M&S profits up, but warns of inflation, war, old tech and outdated store headwinds

M&S: still needs to revamp tech stack and stores

M&S: still needs to revamp tech stack and stores

Reporting full-year results for the year ending in April 2022, M&S has seen sales grow 7% on their 2019/20 levels, with operating profit up 20%, as it says that “first phase of transformation is complete” and claims to have “fixed the basics”. The retailer warns, however, that it still has a long way to go, that there are still large technology investments to be made, and that inflationary pressures through 2022 will all have a growing impact.

Profit before tax and adjusting items hit £522.9m (2019/20 £403.1m), while statutory profit after tax were £309.0m (2019/20 £27.4m). Food saw the biggest growth, up 10.1%, while M&S’ share of Ocado Retail net profit hit £13.9m, including £7.2m net exceptional costs.

Clothing and home (C&H) sales were up 3.8%, with online growth of 55.6% in this segment and stores down 11.2%. Online C&H sales now 34% of UK C&H sales and nascent brands platform established.

Across the whole company, International online retail sales over £250m vs £100m in 2019/20. This is despite the combined effects of EU border costs and tariffs of £29.6m and an estimated trading impact in the EU of £15m. Withdrawl from Russia and the impact on sales in Ukraine are also likely to cost M&S at least £31m.

However, CEO Steve Rowe, acknowledges that there is still much to do as the company embarks on the next stage of its transformation. “There are many areas where the business has improved but three important infrastructure challenges remain which can still impact the pace of change and recovery.”

Accoridng to Rowe, although M&S has materially changed its digital footprint, some of its core technology systems need investment, most notably in Clothing & Home where planning and supply chain systems can be significantly improved to drive more efficient trading.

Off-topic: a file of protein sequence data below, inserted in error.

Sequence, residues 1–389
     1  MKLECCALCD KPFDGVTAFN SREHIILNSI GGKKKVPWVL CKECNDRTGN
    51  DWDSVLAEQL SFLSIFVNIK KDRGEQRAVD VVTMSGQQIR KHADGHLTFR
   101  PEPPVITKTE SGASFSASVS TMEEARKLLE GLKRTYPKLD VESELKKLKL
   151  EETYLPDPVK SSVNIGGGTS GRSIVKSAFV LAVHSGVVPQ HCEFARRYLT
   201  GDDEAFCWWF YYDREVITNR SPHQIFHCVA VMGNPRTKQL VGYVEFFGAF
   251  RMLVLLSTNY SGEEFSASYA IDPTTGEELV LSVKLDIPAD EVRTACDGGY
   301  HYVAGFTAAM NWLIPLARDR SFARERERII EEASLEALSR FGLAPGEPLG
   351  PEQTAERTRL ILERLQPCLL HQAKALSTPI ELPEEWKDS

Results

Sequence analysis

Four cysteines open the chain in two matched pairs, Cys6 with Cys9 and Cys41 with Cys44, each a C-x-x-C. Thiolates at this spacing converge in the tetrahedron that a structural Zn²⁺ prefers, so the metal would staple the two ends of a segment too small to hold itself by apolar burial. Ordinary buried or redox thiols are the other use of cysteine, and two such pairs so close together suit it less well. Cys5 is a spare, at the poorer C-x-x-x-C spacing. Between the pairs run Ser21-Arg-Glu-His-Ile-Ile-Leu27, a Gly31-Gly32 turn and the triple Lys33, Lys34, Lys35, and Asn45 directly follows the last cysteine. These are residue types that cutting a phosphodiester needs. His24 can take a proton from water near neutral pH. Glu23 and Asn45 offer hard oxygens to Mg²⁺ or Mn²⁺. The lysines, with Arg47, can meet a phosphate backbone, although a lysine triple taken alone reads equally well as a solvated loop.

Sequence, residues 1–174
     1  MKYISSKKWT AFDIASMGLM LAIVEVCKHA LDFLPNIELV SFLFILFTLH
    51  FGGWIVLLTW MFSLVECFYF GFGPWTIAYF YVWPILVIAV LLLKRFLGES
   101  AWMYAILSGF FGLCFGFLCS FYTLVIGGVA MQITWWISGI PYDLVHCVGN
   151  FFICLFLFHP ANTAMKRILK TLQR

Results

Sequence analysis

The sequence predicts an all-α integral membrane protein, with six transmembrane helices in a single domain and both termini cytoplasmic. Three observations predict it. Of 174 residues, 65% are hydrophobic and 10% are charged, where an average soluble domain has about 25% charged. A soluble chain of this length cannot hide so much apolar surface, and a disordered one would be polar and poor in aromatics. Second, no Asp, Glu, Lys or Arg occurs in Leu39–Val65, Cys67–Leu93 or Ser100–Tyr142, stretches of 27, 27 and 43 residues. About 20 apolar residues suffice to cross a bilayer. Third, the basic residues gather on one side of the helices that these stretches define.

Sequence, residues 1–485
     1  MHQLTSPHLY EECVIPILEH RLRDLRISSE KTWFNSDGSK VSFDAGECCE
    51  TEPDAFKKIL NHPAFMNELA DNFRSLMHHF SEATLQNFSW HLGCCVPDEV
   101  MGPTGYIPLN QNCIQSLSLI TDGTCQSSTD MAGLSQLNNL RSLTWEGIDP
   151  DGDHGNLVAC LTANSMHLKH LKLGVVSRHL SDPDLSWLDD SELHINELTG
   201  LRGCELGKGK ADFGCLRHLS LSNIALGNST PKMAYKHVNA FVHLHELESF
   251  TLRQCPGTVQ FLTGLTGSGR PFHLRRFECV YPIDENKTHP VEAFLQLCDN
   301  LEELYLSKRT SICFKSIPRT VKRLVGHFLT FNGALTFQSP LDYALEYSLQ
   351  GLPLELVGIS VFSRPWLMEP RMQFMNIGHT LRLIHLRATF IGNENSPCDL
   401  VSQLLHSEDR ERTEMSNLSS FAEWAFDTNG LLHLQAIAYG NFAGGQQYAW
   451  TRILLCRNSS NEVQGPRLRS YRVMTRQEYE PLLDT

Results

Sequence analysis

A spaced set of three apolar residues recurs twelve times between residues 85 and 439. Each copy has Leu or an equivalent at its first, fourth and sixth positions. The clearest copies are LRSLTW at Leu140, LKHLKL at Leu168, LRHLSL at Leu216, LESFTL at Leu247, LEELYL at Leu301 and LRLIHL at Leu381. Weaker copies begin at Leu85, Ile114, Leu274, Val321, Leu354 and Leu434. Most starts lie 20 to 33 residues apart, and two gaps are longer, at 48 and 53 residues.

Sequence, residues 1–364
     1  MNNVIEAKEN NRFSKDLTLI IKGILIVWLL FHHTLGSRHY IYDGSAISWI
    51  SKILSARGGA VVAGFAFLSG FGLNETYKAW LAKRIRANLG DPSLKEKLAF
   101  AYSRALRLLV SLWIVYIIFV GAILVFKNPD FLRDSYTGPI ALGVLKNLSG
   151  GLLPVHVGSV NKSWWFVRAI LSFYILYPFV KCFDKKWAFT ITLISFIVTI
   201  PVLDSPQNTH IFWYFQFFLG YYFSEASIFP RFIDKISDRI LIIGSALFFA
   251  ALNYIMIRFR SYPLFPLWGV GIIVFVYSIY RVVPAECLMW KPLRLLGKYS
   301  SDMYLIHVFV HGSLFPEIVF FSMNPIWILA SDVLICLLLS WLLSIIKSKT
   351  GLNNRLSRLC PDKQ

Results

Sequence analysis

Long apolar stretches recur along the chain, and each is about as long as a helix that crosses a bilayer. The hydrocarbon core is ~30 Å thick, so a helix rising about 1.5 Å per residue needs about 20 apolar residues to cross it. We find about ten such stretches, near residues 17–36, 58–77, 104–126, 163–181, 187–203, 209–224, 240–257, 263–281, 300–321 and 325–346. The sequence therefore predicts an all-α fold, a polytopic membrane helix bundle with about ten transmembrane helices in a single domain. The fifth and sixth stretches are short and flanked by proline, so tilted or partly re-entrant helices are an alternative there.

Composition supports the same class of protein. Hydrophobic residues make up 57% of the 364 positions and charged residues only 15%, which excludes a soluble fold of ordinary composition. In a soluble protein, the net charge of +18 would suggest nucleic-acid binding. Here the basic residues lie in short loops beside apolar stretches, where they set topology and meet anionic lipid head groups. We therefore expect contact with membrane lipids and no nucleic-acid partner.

The Clothing & Home and Food supply chains both require further investment, too, he says. “In Clothing & Home we have a lot of opportunity to reduce single picking, improve capacity, reduce costs and improve store operations as a result. In Food we need to further improve operations with Gist and invest in and reshape the network.”

Despite radical store closures in the past two years, some of the retailer’s full-line estate remains out of date and poorly located compared to the competition and although it has made progress, there is much still to do to convert stores to a new more efficient shoppable format and make them suitable for an omni-channel era, Rowe concedes.

Although Clothing & Home store sales are running more than 25% below four years ago, M&S has, says Rowe, delivered less than a 10% reduction in space since then, so the imperative both to reduce space and to rotate to newer, better stores remains.

Commenting on the results, Neil Shah, Director of Research at Edison Group says: “This is a strong set of results, but nevertheless management emphasised that they continue to push for further progress in M&S’ transformation. Inefficiencies were identified within the Food supply chain, while the Clothing & Home division requires development to update legacy systems, supply chain and stores. In any other context, these admissions may be discouraging. However, against the evidence of the group’s financial growth, investors will be reassured that strategic progress is well underway and fulfilling an established, long-term vision.”

Shah adds: “M&S is also facing the wider macroeconomic challenges that are plaguing the retail sector. While management emphasised that the business is resilient to these headwinds, they nonetheless anticipate that inflationary pressures are likely to negatively impact sales volumes. The group has started the new financial year from a lower adjusted profit base, and the combination of no business rates relief, no profit contribution from Russia and investment in Ocado means that it does not expect progress from this point. As a result, the fulfilment of the group’s strategic development will play a key role in defining investor sentiment in FY23.”

Walid Koudmani, chief market analyst at financial brokerage XTB says: ” While inflationary pressures and troubling economic conditions remain concerning, the business is well positioned for inflationary headwinds and the next phase of transformation as it continues to focus on its online business and foreign activity. Despite this, investors appear to be uncertain with share price fluctuating at the start of today’s trading session.”

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